2. Rosy says:

    I love all of them. I still eat Iceberg once in awhile with certain foods. I try to replace bread with Romaine or butterhead lettuce for sandwiches. Thanks, Talli for listing all the info.

  3. I love baby spinach for my salad. It wasn’t mentioned here, but I am sure that it is better than iceberg. My second favorite is romaine. Sadly, when you eat out, most of the time a salad comes with iceberg unless they have a salad bar.

  4. Stephanie says:

    My own favorite is spinach, but I have long since learned to prefer the darker leaf lettuces for salads as a whole. There’s just nothing that interesting flavor-wise with iceberg lettuce.

  5. Wendy Cooper says:

    I now ask for a garden salad with romaine rather than iceberg 🙂 awesome article! Thanks!

  6. Shawno says:

    I enjoy me some Caesar salad so I’m glad to know that Romaine lettuce ain’t all bad.

  7. Maria Isabel says:

    It is interesting that I used to eat iceberg lettuce but I always preferred the red lettuce or other leafy vegetables with wine vinegar, olive oil and garlic powder. I prefer Kale or Swiss Chard on soup (“Caldo Verde” -Portuguese soup).

  8. […] Talli at Being Healthy for Busy People posted an explanation of why iceberg lettuce is bad for you […]

  9. […] in nutrients like vitamin C. In fact, one potato contains more vitamin C than an entire head of iceberg lettuce. Shouldn’t we look at how often potatoes are served — and the ways in which […]

  10. […] water (which isn’t bad), but it doesn’t have the nutrients as other lettuces (click here to read more about choosing lettuce). The goal is to try and get as many different type of greens […]

  11. Daniel Jones says:

    I love Kale in my tossed green salad. It has a fain broccoli flavor to it.

  12. […] 3. Eat your veggies. Instead of devouring a high-calorie, greasy super-size cheeseburger meal for lunch, eat a vitamin-rich salad instead. Green leafy vegetables are packed with tons of essential vitamins and nutrients, and these green beauties have been proven to boost immunity, lower cholesterol, encourage vision health, promote bone health, and prevent colon cancer, to name a few. A big green salad may not be the most desirable item on your lunch list, but your future self will thank you for choosing healthier lunch options over time — you know, because you’ll be alive and healthy, for starters. Remember to not douse your salad/greens with dressing/sauce, and, sorry to be the bearer of bad news, but iceberg lettuce doesn’t count because, despite its popularity in many salads, it’s the least nutritious. […]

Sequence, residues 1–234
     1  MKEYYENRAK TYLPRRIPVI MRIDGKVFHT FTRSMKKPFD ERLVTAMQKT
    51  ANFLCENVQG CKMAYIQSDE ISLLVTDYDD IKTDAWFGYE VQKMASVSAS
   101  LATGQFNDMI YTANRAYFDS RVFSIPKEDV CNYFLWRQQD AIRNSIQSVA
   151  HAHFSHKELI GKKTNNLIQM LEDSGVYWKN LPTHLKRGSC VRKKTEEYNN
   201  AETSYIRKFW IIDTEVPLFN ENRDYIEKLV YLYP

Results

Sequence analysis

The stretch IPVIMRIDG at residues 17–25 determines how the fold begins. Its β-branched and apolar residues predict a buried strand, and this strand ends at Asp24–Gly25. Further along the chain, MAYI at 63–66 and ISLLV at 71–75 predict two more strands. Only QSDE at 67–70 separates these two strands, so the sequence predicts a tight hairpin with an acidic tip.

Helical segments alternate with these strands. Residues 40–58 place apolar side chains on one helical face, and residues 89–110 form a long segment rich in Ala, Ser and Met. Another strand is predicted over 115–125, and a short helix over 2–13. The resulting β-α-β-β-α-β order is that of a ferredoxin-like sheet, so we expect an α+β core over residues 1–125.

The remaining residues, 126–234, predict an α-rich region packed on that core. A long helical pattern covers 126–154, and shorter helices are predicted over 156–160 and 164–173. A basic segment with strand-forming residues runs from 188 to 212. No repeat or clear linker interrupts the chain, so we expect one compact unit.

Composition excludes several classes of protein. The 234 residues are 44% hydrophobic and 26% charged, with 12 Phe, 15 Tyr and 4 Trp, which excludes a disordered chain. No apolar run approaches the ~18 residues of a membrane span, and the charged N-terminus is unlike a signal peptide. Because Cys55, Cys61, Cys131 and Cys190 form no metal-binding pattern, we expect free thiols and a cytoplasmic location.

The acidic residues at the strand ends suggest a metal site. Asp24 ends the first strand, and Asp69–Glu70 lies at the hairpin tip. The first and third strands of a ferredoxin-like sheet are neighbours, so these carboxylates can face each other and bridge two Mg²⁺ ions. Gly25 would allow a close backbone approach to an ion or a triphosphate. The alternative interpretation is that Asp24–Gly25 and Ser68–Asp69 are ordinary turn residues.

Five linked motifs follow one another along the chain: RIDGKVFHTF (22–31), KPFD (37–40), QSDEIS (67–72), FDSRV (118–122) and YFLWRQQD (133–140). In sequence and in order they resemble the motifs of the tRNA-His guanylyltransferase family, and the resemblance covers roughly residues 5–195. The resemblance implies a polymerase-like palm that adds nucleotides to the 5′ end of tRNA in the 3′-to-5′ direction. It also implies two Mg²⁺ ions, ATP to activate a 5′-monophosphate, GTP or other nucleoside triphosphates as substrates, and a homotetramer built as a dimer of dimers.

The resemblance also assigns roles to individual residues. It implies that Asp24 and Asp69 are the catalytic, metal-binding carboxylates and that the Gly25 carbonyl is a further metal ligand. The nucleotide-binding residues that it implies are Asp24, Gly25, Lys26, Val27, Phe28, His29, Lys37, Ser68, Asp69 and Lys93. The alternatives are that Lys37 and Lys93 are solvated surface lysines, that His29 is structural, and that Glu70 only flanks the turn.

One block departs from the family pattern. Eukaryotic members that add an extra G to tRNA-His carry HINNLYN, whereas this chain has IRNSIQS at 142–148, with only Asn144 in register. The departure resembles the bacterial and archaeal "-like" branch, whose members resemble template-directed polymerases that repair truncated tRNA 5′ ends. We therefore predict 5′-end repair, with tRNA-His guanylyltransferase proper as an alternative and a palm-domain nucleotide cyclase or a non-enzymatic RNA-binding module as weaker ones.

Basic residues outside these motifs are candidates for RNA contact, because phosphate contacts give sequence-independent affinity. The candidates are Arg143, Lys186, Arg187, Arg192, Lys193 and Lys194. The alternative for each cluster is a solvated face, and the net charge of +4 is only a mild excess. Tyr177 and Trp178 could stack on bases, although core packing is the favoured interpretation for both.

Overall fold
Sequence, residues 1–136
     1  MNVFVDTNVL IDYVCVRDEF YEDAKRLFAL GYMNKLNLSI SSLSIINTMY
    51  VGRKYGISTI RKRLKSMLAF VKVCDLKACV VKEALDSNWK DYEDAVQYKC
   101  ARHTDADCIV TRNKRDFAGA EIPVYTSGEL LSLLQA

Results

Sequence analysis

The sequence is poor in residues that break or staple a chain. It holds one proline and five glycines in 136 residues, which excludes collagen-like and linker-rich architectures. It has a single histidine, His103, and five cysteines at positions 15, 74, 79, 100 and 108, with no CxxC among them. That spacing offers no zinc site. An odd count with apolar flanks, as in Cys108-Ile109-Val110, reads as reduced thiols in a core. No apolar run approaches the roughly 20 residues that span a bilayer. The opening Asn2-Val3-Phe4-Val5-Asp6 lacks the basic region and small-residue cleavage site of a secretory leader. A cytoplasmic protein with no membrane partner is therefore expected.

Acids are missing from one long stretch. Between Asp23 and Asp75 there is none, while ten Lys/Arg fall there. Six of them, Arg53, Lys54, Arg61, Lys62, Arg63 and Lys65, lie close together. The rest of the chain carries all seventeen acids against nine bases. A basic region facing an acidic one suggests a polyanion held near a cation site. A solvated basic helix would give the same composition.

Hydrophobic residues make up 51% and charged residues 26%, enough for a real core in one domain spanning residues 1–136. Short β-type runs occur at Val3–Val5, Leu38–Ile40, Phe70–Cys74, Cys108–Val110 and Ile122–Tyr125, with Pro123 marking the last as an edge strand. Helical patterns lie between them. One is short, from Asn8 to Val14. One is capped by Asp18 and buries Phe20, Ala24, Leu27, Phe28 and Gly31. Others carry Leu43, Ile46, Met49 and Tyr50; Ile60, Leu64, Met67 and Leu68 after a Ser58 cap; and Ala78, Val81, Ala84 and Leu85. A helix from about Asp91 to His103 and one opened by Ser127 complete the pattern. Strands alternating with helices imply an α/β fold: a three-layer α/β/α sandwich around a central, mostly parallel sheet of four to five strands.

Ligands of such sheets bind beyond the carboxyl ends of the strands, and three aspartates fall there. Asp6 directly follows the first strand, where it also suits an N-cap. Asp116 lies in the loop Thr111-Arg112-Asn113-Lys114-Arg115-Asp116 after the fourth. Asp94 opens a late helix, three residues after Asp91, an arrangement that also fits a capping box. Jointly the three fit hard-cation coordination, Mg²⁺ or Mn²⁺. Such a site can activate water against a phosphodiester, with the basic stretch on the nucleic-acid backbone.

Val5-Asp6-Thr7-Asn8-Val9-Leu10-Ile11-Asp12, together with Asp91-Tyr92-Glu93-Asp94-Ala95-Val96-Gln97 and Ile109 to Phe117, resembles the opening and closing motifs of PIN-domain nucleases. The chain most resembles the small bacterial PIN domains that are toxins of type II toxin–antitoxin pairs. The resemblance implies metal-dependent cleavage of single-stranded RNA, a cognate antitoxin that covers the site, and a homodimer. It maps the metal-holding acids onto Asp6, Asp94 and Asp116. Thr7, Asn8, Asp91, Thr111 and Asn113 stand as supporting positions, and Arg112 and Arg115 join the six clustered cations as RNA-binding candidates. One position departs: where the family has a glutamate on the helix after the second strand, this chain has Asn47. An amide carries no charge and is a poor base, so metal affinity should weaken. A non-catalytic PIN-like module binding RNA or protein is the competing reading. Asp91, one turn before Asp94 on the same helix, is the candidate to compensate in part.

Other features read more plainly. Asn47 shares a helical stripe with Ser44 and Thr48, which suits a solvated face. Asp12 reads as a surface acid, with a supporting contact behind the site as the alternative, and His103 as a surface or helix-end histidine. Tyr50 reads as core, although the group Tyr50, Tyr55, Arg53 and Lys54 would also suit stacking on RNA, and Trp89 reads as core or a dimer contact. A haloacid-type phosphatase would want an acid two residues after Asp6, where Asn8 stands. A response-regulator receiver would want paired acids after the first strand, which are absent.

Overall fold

13. […] 3. Eat your veggies. Instead of devouring a high-calorie, greasy super-size cheeseburger meal for lunch, eat a vitamin-rich salad instead. Green leafy vegetables are packed with tons of essential vitamins and nutrients, and these green beauties have been proven to boost immunity, lower cholesterol, encourage vision health, promote bone health, and prevent colon cancer, to name a few. A big green salad may not be the most desirable item on your lunch list, but your future self will thank you for choosing healthier lunch options over time — you know, because you’ll be alive and healthy, for starters. Remember to not douse your salad/greens with dressing/sauce, and, sorry to be the bearer of bad news, but iceberg lettuce doesn’t count because, despite its popularity in many salads, it’s the least nutritious. […]